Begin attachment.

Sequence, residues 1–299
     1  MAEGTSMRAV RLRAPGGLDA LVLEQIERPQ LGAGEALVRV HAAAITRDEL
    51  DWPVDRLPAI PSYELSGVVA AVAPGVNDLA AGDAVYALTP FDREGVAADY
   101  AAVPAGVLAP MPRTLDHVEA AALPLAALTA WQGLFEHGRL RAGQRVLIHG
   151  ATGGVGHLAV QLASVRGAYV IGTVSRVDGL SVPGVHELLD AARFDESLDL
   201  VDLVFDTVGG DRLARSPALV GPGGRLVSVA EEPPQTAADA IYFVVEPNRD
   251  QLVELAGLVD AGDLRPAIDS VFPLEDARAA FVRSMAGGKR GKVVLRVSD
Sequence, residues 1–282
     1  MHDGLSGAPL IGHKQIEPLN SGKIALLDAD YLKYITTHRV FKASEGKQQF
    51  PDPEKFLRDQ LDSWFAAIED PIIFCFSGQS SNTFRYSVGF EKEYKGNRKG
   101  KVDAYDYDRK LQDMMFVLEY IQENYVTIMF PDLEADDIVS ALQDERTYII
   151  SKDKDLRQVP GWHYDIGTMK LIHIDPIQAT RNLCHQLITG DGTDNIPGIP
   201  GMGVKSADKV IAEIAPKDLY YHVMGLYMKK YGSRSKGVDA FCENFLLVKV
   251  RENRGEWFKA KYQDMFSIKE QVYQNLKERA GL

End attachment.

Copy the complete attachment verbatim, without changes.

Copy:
Sequence, residues 1–299
     1  MAEGTSMRAV RLRAPGGLDA LVLEQIERPQ LGAGEALVRV HAAAITRDEL
    51  DWPVDRLPAI PSYELSGVVA AVAPGVNDLA AGDAVYALTP FDREGVAADY
   101  AAVPAGVLAP MPRTLDHVEA AALPLAALTA WQGLFEHGRL RAGQRVLIHG
   151  ATGGVGHLAV QLASVRGAYV IGTVSRVDGL SVPGVHELLD AARFDESLDL
   201  VDLVFDTVGG DRLARSPALV GPGGRLVSVA EEPPQTAADA IYFVVEPNRD
   251  QLVELAGLVD AGDLRPAIDS VFPLEDARAA FVRSMAGGKR GKVVLRVSD
Sequence, residues 1–282
     1  MHDGLSGAPL IGHKQIEPLN SGKIALLDAD YLKYITTHRV FKASEGKQQF
    51  PDPEKFLRDQ LDSWFAAIED PIIFCFSGQS SNTFRYSVGF EKEYKGNRKG
   101  KVDAYDYDRK LQDMMFVLEY IQENYVTIMF PDLEADDIVS ALQDERTYII
   151  SKDKDLRQVP GWHYDIGTMK LIHIDPIQAT RNLCHQLITG DGTDNIPGIP
   201  GMGVKSADKV IAEIAPKDLY YHVMGLYMKK YGSRSKGVDA FCENFLLVKV
   251  RENRGEWFKA KYQDMFSIKE QVYQNLKERA GL